Uruguay and Mexico call a "neutral countries" conference on Venezuela

Uruguay and Mexico convened an international conference on "neutral countries" on February 7, following tensions generated after Juan Guaidó, leader of Parliament, proclaimed himself president in charge.

Venezuelan Foreign Minister Jorge Arreaza insisted on establishing dialogues to seek solutions to the political crisis, including talks with the United States, a country with which Maduro broke relations.
Venezuelan Foreign Minister Jorge Arreaza insisted on establishing dialogues to seek solutions to the political crisis, including talks with the United States, a country with which Maduro broke relations.

The city of Montevideo will host this conference with the aim of discussing a diplomatic solution to the crisis in Venezuela, in which representatives from more than 10 countries and international organizations will participate, according to a statement from the Uruguayan Foreign Ministry.

Mexico and Uruguay "have adopted a position of non-intervention, while at the same time they have expressed concern about the human rights situation in Venezuela, which is why they have decided to call for an inclusive and credible dialogue to solve once and for all the delicate situation that our Venezuelan brothers are going through, "said the official note.

Therefore, the idea is to gather in the Uruguayan capital representatives "of the main countries and international organizations that have shared this position in front of this situation". In the letter, it was added that the purpose of the conference is "to lay the foundations to establish a new dialogue mechanism that, with the inclusion of all Venezuelan forces, helps to restore stability and peace in that country."

According to the Foreign Ministry, this effort "responds to the call of the Secretary-General of the UN, António Guterres, to bet for dialogue in front of those who deny that this possibility exists". "The Government of Uruguay is ready to work with those members of the international community who, like Mexico and the UN, wish to bet on diplomacy," the statement said.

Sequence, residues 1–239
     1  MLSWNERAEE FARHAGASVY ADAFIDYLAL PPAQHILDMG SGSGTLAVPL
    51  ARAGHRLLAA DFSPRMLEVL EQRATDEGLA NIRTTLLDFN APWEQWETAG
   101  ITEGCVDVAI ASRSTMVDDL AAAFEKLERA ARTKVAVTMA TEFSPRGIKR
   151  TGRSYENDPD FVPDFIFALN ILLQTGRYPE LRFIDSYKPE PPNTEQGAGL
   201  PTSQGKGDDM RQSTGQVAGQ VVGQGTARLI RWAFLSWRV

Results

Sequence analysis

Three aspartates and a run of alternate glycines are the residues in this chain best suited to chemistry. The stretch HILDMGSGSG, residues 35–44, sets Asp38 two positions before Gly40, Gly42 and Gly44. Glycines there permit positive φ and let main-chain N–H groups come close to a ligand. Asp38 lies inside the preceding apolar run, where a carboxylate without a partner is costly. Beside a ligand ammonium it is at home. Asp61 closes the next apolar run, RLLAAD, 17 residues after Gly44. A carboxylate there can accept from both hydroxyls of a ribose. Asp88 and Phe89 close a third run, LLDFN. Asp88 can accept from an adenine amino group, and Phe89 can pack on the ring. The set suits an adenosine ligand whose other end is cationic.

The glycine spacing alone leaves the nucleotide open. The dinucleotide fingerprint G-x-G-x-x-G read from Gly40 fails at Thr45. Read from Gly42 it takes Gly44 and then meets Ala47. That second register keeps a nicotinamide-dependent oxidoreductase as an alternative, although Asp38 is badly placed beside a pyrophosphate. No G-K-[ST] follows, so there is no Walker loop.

Guaidó, 35, announced on January 23 that he was awarded the powers of the Executive within the framework of what he called the fight against the "usurpation" of the Presidency by Nicolás Maduro, which he considers "illegitimate" after taking his second term on January 10. At least thirty countries, including Argentina, Brazil, Paraguay, the United States, and Australia, have recognized Guaidó as interim president of Venezuela, while Bolivia and Cuba have shown their support for Maduro.

The Government of Uruguay, meanwhile, has avoided commenting on the legitimacy of Guaidó as interim Venezuelan leader, although he has not expressed his direct support for Maduro and in a joint statement with Mexico urged "Venezuelan society to find a peaceful solution and democratic in front of the complex panorama "of the country.

For his part, Venezuelan Foreign Minister Jorge Arreaza insisted on establishing dialogues to seek solutions to the political crisis, including talks with the United States, a country with which Maduro broke relations. However, Guaidó has said he will not accept a "false" dialogue with the Chávez government or elections "that do not have the real conditions," two of the options put on the table to unlock the crisis in the country.